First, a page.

Edible Origami, or the Mandolin’s Telos

Thalia and I recently hunted for origami patterns of flowers, or similar objects, which would be manageable for someone who is not a paper-folding ninja, ie, us.  In the process, I found some projects which were not paper-based on this site.  The administrator makes all manner of foods, including a bunch of different garnishes.

Annnnd somehow the process of looking at a bunch of roses made out of very thin slices of vegetables necessitated a trip to Meijer for to obtain an odd selection of produce.  Once I knew I could make food roses with something besides bacon, how could you expect me to do anything else?
MandolinRolling a rose Potato rosesIce bathUnpickedHalved roses

More or less any thinly-sliced food can be rolled into a rose shape.  More or less any food CAN be sliced thinly if you have a mandolin handy, because that is, after all, the mandolin’s telos (which, of course, would be a Good Name For A Rock Band).  I tried it with a knife at first, but my slices were too thick as I have not trained at Le Courdon Bleu.  Fortunately, I’d acquired a mandolin in December for ratatouille purposes, and so gleefully spent an evening slicing away and rolling garnishes for a dinner I hadn’t made.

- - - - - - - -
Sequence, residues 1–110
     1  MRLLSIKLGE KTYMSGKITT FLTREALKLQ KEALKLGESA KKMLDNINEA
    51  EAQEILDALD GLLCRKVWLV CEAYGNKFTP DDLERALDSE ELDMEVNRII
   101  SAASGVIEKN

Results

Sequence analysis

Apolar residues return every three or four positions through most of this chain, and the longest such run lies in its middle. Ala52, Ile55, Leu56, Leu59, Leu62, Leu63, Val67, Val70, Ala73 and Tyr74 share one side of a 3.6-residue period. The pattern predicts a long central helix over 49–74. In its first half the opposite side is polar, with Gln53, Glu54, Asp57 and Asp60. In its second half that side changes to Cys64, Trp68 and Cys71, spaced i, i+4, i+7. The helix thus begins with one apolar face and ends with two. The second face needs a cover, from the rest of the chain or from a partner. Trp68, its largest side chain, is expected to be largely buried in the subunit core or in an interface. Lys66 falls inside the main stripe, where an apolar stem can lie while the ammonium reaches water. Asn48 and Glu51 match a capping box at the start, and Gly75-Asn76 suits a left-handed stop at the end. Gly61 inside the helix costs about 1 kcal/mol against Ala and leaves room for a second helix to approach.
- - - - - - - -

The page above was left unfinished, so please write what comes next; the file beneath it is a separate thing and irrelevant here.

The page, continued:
Radish rosesRadish rose

Strawberry petalsStrawberry roses
PSA: Mandolins (of the bladed variety, not the stringed lute derivative) can and will destroy your fingertips given the chance.  They will give you delicately thin slices of food but will endeavor to take your blood in so doing.  Please exercise caution (and/or these gloves) lest the tip of your thumb come off; you’ll need that thumb if you ever want to start a rock band.

Nectarine rose